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Comments from our users:

Tuesday October 12th 2010, 3:24 AM
Comment by: Alice M. (Neuss Germany)
Interesting article. I will also go on record and say that PC can go way too far. People are individuals; they all have their own special talents in different areas, so it is absolutely not surprising that some people are better at some things and not so good at others. The only thing that is "equal" about people is that we are all human beings and all deserve to be viewed "as a whole" and not "in parts." Having said that, I will also go on record and say that good essay writing is the sign of an organized approach to communication. This has nothing to do with whether a person is organized in other areas of life. I frequently work with engineers who know all about logical thinking, analysis, structure, forces and balance, but are mostly unaware that all of these factors must also be taken account when writing about what they do. Another point is consideration for your readers. If people have to work too hard to understand your message, they will get tired and not want to read on. To gain respect, you have to show respect, in writing as elsewhere. End of homily :-)
Tuesday October 12th 2010, 7:20 AM
Comment by: John S.
I agree with Alice. We have many more engineers who need to know how to write than we have novelists and essayists. I excelled in writing from as early as I can remember. I was never hesitant to put words to paper. I wrote great essays for tests, theme papers, research papers, and the like. But when I got to my first real job, I had all that beaten out of me by my boss, a Japanese fund manager. His lesson was that he had fifty reports stacked on his desk every morning and all he needed to do was read the first sentence to see if he should read further. His next lesson was, write, read, scrap, and rewrite. The first writings were just material: pieces of thought that I might use in the final. But the final had to be constructed or crafted--not some flash of brilliance with a few polished words from a vocabulary exercise to make it sound good. In the exampleIn Harper Lee's novel, To Kill a Mockingbird, The example used in the essay starts with, "In Harper Lee's novel, To Kill a Mockingbird." But what the essay is really about is parenting. Starting with a line like, "most parents have no idea what they are doing" might be a better way to start. At least that is what I believe my fund manager manager would tell me. Do you teach your students how to rebuild what they write?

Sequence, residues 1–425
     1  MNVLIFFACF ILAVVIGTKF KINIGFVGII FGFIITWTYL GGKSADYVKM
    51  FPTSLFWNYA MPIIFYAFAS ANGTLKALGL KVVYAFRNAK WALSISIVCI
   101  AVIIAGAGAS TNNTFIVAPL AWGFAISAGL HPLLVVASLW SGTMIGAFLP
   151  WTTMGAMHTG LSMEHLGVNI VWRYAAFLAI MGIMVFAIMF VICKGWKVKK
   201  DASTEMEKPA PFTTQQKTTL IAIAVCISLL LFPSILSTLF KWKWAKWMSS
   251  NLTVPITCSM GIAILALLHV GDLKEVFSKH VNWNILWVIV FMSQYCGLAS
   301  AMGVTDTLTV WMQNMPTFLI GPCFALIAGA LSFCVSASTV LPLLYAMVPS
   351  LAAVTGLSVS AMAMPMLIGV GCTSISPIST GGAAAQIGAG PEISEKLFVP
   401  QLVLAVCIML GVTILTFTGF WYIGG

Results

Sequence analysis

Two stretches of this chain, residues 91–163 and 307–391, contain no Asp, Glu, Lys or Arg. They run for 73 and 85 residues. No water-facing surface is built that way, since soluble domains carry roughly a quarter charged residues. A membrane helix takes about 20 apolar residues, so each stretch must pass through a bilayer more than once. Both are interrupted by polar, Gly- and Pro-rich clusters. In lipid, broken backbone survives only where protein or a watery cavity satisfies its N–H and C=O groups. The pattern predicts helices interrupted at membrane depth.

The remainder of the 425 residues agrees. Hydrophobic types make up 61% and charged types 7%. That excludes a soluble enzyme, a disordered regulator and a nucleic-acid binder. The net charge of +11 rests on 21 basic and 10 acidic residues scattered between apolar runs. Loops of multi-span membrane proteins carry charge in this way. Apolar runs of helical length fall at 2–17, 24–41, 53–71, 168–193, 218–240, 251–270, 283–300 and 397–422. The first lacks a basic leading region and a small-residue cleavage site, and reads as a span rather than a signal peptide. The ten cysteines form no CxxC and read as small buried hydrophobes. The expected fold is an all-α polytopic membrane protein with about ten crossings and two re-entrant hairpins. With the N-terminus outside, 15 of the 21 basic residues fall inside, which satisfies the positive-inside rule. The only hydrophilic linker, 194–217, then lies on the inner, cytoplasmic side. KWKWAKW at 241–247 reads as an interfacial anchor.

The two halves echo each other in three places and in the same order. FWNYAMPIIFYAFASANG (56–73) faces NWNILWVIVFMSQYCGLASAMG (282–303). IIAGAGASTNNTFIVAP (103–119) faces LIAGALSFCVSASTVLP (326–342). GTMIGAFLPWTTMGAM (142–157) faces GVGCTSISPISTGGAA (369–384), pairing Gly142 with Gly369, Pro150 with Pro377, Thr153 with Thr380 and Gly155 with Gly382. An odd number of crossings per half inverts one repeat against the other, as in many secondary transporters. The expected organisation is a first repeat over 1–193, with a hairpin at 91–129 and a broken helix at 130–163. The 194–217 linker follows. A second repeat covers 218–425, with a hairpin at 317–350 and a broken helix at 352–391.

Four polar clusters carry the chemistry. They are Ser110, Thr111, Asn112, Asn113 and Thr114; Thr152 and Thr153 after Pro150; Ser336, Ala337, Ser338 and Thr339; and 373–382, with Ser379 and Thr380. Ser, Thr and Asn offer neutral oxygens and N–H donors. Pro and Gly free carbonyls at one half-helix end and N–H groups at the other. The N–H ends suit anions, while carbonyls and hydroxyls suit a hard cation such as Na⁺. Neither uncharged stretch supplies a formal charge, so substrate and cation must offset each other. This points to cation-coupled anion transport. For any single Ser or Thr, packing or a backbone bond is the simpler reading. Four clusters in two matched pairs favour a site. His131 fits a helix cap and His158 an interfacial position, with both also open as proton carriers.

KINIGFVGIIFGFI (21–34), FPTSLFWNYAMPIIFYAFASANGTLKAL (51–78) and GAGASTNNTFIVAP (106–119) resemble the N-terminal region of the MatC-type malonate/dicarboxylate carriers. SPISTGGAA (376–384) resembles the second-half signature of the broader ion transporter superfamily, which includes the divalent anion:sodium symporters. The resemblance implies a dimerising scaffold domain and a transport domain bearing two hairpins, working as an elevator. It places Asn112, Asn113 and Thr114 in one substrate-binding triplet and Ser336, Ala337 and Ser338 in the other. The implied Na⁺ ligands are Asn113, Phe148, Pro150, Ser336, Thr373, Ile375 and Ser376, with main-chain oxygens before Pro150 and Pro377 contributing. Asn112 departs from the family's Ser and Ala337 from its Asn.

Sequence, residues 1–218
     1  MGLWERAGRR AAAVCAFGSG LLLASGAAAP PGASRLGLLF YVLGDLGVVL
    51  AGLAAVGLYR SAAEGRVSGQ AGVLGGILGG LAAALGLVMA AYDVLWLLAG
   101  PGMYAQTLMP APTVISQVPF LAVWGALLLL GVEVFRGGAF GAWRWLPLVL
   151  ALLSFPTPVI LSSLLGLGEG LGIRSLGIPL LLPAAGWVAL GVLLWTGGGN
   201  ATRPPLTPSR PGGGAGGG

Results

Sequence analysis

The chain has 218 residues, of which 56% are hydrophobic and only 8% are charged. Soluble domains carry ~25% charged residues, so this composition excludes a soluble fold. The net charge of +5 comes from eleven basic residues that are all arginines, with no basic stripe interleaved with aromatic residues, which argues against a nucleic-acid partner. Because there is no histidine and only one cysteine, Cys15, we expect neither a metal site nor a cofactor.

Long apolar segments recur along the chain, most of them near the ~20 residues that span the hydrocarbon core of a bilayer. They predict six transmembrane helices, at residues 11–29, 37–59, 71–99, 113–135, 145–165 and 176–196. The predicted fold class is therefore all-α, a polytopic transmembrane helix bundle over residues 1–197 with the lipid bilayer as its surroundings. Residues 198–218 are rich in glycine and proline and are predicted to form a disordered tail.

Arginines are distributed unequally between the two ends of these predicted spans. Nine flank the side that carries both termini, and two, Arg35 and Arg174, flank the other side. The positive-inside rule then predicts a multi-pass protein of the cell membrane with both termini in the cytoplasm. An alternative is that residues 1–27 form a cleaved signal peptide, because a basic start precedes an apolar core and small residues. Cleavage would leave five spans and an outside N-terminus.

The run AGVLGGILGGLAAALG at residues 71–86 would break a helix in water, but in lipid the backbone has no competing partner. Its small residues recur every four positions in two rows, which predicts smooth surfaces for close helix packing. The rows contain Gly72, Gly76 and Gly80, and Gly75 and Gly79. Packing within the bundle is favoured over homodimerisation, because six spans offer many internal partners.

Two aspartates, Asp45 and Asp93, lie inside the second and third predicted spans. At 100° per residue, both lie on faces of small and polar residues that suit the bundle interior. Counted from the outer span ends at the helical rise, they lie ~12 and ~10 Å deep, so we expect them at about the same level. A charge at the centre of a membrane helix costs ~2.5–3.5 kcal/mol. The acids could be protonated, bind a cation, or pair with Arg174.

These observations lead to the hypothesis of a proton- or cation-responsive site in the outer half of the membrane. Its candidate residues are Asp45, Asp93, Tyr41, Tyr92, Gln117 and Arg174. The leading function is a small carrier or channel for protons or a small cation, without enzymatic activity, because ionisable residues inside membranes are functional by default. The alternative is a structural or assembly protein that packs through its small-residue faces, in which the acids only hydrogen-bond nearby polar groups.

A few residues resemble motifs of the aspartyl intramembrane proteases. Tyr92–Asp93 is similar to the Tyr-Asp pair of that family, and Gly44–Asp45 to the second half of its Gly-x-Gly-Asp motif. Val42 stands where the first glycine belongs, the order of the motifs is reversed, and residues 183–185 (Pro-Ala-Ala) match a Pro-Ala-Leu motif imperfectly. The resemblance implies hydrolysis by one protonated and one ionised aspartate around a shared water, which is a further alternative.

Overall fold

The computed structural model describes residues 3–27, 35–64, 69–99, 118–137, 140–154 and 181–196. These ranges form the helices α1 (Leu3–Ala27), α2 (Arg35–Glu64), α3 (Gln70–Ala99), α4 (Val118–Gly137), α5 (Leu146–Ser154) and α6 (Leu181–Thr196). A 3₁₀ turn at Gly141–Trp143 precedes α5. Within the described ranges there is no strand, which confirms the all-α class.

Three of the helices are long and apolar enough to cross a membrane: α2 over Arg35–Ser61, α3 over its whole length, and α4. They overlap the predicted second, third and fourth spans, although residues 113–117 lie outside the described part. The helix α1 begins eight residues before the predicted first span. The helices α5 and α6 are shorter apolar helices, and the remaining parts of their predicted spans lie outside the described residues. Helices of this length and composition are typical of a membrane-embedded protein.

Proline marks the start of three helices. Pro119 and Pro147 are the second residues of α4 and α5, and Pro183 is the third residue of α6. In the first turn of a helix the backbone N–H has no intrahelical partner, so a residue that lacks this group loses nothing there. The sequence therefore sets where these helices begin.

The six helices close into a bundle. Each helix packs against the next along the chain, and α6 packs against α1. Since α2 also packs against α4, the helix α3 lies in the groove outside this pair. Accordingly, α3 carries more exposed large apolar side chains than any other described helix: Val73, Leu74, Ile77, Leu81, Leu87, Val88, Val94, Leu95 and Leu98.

Wednesday October 13th 2010, 7:04 PM
Comment by: Jane B. (Winnipeg Canada)Top 10 Commenter
John, it seems to me that your opening is better suited to a narrative essay. It doesn't give any indication that you are heading into character analysis or behaviour in a novel. You could be setting out thoughts for the con side of a debate -- or the pro side if the debate were: Resolved: Parents should take courses before having children.

It could also be a story of your own life, either as a parent or a child.

Your fund manager wanted a report, something a bit different from what is expected here.

Just saying...

Loved the lesson, though!

My dad was in the first group of engineers educated at such at what has become a major school in Michingan. He had to complete the BA requirements and fulfill engineering on the side. Eventually, the school got an engineering college, but my dad was never happy with grads who arose from it, or any other. He believed that you needed to be able to read and write from a great many sources, not just scientific, and you haad to be able to write logically, coherently, and correctly. When he was teaching engineering, he failed a student (at least one) for not being able to do that.

He was promoted beyond the level where such judgements were made. An unhappy prof in a world that was becoming 'not his'.